By Dennis Chase
Special for Second Half
TRAVERSE CITY – Kristen Nolan is trying to avoid putting undue pressure on her Traverse City West golf team.
So talk about defending an MHSAA Division 1 championship has been kept to a minimum during the preseason.
“I don’t want my girls going into (the season) too confident because that can also be a negative,” the seventh-year coach said. “I want them focusing on individual goals instead of that full team goal of winning states again. As long as each player is working on their personal goals, the rest (will take care of itself).”
The unranked Titans pulled a surprise a year ago, edging first-day leader and tournament favorite Rochester in a tiebreaker to claim the Lower Peninsula D1 title.
Ironically, neither team had a senior in the lineup.
West returns its core group of Anika Dy, Hunter Kehoe, Grace Ellul, Madison McCall and Grace Warren. Dy, now a sophomore, finished runner-up for the individual title. She was one stroke back of medalist Julia Dean of Brighton.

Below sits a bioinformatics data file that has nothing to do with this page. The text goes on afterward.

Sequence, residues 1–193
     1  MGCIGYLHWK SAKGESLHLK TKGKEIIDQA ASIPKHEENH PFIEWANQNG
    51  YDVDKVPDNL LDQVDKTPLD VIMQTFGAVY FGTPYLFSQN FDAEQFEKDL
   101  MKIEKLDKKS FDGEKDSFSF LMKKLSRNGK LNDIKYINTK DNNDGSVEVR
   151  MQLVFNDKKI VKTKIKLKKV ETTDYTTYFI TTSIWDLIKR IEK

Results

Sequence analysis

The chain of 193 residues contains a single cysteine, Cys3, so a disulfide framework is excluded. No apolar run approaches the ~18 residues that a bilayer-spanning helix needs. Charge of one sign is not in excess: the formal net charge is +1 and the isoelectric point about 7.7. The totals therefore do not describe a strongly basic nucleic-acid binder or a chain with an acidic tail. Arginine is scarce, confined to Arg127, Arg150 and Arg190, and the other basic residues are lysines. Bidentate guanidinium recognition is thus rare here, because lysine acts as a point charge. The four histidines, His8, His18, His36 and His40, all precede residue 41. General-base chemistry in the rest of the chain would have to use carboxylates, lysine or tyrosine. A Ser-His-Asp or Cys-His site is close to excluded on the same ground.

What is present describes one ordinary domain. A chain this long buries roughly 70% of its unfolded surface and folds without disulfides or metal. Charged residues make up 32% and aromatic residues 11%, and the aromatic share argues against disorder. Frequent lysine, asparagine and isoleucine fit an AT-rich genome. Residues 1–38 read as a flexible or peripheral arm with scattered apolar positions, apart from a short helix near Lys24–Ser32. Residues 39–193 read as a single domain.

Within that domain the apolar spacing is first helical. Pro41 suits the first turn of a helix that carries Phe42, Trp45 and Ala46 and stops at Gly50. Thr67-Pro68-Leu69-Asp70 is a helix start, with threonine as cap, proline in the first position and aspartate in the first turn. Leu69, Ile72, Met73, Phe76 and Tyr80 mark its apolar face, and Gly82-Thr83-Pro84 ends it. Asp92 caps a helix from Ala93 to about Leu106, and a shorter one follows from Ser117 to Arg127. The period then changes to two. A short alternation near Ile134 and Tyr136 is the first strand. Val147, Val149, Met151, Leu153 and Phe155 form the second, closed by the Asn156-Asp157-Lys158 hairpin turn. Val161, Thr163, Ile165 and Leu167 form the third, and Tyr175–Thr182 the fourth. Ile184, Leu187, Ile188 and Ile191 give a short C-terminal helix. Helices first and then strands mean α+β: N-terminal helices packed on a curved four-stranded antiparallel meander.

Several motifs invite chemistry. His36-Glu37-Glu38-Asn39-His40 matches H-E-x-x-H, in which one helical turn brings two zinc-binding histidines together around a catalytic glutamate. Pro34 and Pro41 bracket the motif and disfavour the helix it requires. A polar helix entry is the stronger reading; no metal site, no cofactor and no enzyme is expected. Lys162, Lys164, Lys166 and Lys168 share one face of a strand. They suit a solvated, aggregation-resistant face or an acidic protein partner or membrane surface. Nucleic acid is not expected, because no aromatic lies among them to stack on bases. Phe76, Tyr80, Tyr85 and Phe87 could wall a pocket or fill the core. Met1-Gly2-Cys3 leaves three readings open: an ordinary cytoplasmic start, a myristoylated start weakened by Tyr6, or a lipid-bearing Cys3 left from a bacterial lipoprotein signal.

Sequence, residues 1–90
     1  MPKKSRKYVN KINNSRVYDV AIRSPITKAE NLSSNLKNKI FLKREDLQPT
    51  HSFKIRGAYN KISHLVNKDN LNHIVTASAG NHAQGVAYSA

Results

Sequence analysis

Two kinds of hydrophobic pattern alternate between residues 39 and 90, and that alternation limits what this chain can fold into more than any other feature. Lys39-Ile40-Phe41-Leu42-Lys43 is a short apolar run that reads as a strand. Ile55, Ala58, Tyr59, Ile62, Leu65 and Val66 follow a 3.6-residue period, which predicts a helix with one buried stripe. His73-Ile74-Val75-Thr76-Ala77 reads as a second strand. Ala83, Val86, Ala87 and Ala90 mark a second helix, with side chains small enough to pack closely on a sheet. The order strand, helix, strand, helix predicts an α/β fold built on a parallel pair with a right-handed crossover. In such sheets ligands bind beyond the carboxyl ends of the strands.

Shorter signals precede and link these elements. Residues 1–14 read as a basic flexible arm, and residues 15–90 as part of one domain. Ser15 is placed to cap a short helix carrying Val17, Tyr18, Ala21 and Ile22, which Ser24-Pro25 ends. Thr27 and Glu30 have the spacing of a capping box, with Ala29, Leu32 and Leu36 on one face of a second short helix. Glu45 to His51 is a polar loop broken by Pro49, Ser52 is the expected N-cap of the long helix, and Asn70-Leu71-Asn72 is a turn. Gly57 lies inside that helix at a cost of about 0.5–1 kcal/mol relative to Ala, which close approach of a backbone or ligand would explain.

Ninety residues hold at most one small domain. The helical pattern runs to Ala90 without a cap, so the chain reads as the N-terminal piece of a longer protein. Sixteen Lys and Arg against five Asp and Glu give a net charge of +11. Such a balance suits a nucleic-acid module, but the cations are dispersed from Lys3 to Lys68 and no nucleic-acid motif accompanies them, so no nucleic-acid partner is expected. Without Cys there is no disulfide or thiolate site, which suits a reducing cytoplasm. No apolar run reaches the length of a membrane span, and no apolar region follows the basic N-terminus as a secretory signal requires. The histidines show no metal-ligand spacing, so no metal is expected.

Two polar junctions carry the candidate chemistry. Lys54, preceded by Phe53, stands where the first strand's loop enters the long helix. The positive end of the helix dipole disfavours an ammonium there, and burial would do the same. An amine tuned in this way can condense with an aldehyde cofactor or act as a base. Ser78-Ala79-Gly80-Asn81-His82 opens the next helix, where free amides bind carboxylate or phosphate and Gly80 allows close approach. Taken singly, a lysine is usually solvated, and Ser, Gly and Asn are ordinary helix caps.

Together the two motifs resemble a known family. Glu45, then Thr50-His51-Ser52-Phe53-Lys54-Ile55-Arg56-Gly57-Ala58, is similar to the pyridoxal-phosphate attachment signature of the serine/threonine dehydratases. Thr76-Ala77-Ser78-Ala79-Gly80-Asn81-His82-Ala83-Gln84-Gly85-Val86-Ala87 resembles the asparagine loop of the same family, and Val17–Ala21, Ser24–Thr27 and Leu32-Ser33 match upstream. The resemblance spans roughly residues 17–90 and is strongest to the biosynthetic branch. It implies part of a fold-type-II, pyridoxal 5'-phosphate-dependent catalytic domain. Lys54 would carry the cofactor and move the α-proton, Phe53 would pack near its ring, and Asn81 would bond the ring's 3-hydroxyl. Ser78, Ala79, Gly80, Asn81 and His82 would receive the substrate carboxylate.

Dy competed in an American Junior Golf Association tournament at Warwick Hills Golf and Country Club this week and missed the Titans’ season-opening tournament, the Bob Lober Classic at Grand Traverse Resort and Spa.
Dy missed a couple early tournaments last year as well, but when she returned to the lineup the Titans went on a roll, cruising to Big North Conference and Regional crowns en route to the MHSAA Finals championship.
“We got into a groove,” Ellul, a senior co-captain, said. “Hopefully, we can do the same this year.”
Most of the Titans spent considerable time on the links this summer, taking lessons and playing in several tournaments, notably in the Traverse City Junior Golf Association program.
“I highly encourage it,” Nolan said. “The girls love playing in it. It’s a little more low-key, not as competitive as high school golf, but it prepares them.”
Kehoe, also a senior co-captain, agreed.
“It allows us to focus and work on our games,” she said. “It’s a huge advantage coming into the fall.”